Part of it is that we are hopeful. Violent crime is on the decline, and we all have ideas for how we might make it decline even further.

Terrorism is not on the decline.

Of course, most deaths from terrorism do not occur in France. Nor do they occur anywhere where people read my blog. It may well be that this is more meaningfully similar to a school shooting or serial killer, a copycat inspired by a similar attack or simply a man who was drunk and angry and went on a rampage. It may well be that our general views on terrorism should not meaningfully be changed by anything I’ve written here.

Nevertheless, terrorism is a form of violence which is not on the decline globally or in the West.

And that’s … concerning.

Surprising Sense of Fatalism Grips Nation

Faced with the abject failure of all their predictions about Donald Trump, Americans are reporting a new sense of certainty in their latest predictions about Donald Trump.
“First it seemed like he would drop out of the race early on, and he didn’t,” said one reporter. “Then it seemed like he would probably be defeated by more establishment candidates, and he wasn’t. Now it seems like he might actually win, so that’s definitely going to happen.”


This latest campaign has confounded expectations in many ways, including the surprising success of Bernie Sanders, who will definitely stop doing about as well as Clinton and drop out any day now, and remarkable voter turnouts in key states. But it’s unthinkable that any candidate who’s done so well in the early days could possibly face problems later. Many are starting to agree that despite polls predicting Trump’s success among Republicans from the very beginning, the fact that they show he can’t possibly win the election probably really is a statistical fluke.


“Both Clinton and Sanders have received overwhelming support from their party from the very beginning”, said our usual political columnist, who declined to give his name. “And both poll very well among Republicans, almost as well as Trump does. Sanders actually polls higher, which is unprecedented. But the idea of Americans voting for a woman or a liberal who promises “change” is absolutely unthinkable, whatever the actual voters say.”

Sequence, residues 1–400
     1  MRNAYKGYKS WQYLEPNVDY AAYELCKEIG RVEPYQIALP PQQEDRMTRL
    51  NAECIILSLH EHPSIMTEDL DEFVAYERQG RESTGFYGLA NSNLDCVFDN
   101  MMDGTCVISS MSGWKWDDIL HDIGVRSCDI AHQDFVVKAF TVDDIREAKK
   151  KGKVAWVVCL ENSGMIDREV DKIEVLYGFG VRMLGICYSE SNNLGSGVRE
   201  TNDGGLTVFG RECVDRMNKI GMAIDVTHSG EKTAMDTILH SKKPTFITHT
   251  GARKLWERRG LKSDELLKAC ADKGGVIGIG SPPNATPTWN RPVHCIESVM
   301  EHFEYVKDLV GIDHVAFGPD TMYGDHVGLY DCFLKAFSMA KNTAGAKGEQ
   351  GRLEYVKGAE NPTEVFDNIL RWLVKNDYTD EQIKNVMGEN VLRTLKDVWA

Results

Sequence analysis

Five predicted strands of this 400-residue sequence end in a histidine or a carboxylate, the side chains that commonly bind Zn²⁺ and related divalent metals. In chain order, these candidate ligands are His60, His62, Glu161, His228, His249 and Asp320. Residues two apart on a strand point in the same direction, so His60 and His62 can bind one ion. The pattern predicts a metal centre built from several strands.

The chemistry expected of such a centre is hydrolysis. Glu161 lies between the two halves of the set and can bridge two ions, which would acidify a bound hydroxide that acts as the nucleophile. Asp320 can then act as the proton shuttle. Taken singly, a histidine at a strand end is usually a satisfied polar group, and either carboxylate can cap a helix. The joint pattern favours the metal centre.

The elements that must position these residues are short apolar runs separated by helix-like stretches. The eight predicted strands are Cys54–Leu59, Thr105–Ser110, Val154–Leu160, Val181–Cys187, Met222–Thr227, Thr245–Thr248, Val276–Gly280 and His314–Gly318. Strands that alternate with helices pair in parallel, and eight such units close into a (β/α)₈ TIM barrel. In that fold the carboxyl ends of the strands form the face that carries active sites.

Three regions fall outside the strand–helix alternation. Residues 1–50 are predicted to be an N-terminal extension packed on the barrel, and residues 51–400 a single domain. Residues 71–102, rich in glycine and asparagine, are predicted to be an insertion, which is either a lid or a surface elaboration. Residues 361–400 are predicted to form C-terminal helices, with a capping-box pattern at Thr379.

Even the man on the street seems to be considering voting for Trump.
“I realize he’s an abject liar who constantly lies about everything, and definitely lied about all the things I disagree with.” Said one man this reporter met on the street. “But I’m pretty sure he’s telling the truth about the issues I care about. Like, he’ll definitely deal with our immigration problem, despite having married two immigrants, one of which he has three kids with. He mentions that he’ll do something about immigration a lot.”
The man lapsed into silence for a minute.
“Yeah, he’ll definitely do something about immigration. And the jobs. He seems like a guy who cares about the working man. He tells it how it is, you know? Not like the liberal media.”

trump's daughter.PNG

Trump’s Daughter doing her best impression of Trump the time he admitted to her they were personally bankrupt. No, really.

“He can afford to say what he wants, because he’s worth, like, ten billion dollars. I heard his campaign is almost entirely self-funded, that’s why it’s important to donate. He seems like a guy who doesn’t care what people think,” said the one guy, who’s probably a representative sample, of the candidate whose campaign is one-third funded by donations and two-thirds funded by a personal loan which his campaign is going to pay back with interest out of donation money, and who obsessively pesters a reporter who called him a “short-fingered vulgarian” with pictures of his hands, facts never reported by a blatantly liberal media who are definitely trying their hardest to take down Trump.

Cb3XxqOUsAApk_8.jpg“Yeah, I’m sure the public will continue to warm up to him,” said the man, who declined to give his name in case his neighbours or family found out he was considering voting for Trump. “He’s bravely told his supporters to beat people up, after all, and then bravely lied to people’s faces, claiming that he didn’t promise to pay for their legal fees when they’re inevitably arrested even though it’s on tape they can run opposite this astounding claim. I wouldn’t have the guts to do that, even if I did have a Secret Service detail.”